Q: Do you miss serving the first families still?

Oh, absolutely.  It was a huge part of my life, and it was very memorable. And to be catapulted up to the second floor kitchen, and having the president and the first lady on the other side of the swinging door in their dining room, the butler transporting the food back and forth for you, and then maybe stepping back in the kitchen before or after saying a couple of words. … There are only a handful of people who have been able to do that over time, and fortunately I was able to be one of them, and I did that for 13 years, and there’s nothing that can take away from those memories. They will be treasured for a lifetime.

Chicken Pot Pie Dutch Style 

John Moeller’s Chicken Potpie, in the chicken-dumpling style of his hometown, was a cold-weather favorite of Former Presidents Bill Clinton and George W. Bush.

He told The Hill: “President Clinton, he’s leaning over the bowl eating this chicken potpie. He just looks up at me with his eyeballs there and just looked up and said, ‘John, this is the kind of food I like.’ … And I started doing that chicken potpie, and they absolutely loved it. And then, ironically, the exact same thing happened with George W. Bush, and I got the thumbs up. He looked at me, and he goes, ‘John, this is the kind of food I like.’ You never know. Sometimes they just like simple, good food.”

Here is his recipe: 

  • 1 whole chicken, 3-4 pounds
  • 1 cup each of medium cut 
  •    carrots, celery and onions
  • 5 cloves of garlic, chopped
  • 3 bay leaves
  • 1 tablespoon black peppercorns
  • 1½ cups each of medium large dice carrots, celery and onions
  • 4 tablespoons of unsalted butter
  • 3 tablespoons of flour
  • Salt and pepper to taste
  • Dumpling dough
  • ½ pound All-Purpose flour 
  • 3-4 eggs 
  • Pinch of salt
  1. Cover the chicken with cold water. Add the carrots, celery, onion, garlic, bay leaves and peppercorns. Bring to a boil than to a simmer for about 1¼ to 1½ hours. Remove the chicken and split in half and allow to cool for 15 minutes until you can remove the meat from the carcass. You will then return the bones to the simmering pot of stock and allow to cook for one more hour. The meat you can tear into medium large pieces and reserve for later.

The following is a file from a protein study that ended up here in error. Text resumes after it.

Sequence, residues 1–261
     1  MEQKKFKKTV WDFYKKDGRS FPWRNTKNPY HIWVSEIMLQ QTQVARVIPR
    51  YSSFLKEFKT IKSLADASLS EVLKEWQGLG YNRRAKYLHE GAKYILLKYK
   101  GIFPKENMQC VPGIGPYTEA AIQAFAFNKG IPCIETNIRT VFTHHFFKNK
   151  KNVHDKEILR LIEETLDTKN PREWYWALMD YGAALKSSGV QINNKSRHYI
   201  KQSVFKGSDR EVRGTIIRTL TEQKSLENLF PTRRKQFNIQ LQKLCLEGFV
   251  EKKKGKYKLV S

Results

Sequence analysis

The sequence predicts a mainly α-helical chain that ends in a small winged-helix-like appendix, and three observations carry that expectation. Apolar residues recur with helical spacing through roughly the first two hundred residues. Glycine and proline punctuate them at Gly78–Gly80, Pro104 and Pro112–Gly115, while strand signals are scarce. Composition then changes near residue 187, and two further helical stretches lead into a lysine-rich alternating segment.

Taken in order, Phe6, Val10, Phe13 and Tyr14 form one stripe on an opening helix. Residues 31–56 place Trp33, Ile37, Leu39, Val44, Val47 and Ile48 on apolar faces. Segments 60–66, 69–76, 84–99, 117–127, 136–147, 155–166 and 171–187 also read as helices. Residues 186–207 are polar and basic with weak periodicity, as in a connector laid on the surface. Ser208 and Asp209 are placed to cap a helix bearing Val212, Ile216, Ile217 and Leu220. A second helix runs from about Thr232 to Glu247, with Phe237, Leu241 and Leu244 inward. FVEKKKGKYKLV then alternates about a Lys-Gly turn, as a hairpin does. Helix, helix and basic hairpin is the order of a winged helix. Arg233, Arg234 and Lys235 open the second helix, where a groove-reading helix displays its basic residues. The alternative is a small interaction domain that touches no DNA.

2. While the chicken is cooking, prepare the dumpling dough by mixing the flour and salt together, then add the eggs and mix until you have a soft dough consistency. Wrap in plastic wrap and place in the refrigerator for at least an hour.  
  3. In a large pot, melt the butter and sweat the large dice of carrots, celery and onions over a medium low heat. Do not brown the vegetables. 
  4. Strain the stock through a fine mesh strainer and keep at a simmer.  Take the dough from the fridge and flour your table and roll this out to 1/8 inch to 1/4 inch thickness.  I like to use a pizza cutter roll and cut the dough into ½-inch by 2.5-inch strips of dough. You will put this into the simmering stock to cook the dough for about 10 minutes.
  5. Sprinkle the 3 tablespoons of flour over the sweating vegetables and mix well. Then, add the stock and dumplings into this and keep stirring until you have incorporated the flour and simmer to thicken to sauce constancy.  You can always add a little corn starch if this needs to be thicker. 
  6. After simmering for 10 minutes, season with salt and pepper, add the chicken, heat and serve in a bowl. Fresh biscuits can go nicely with this.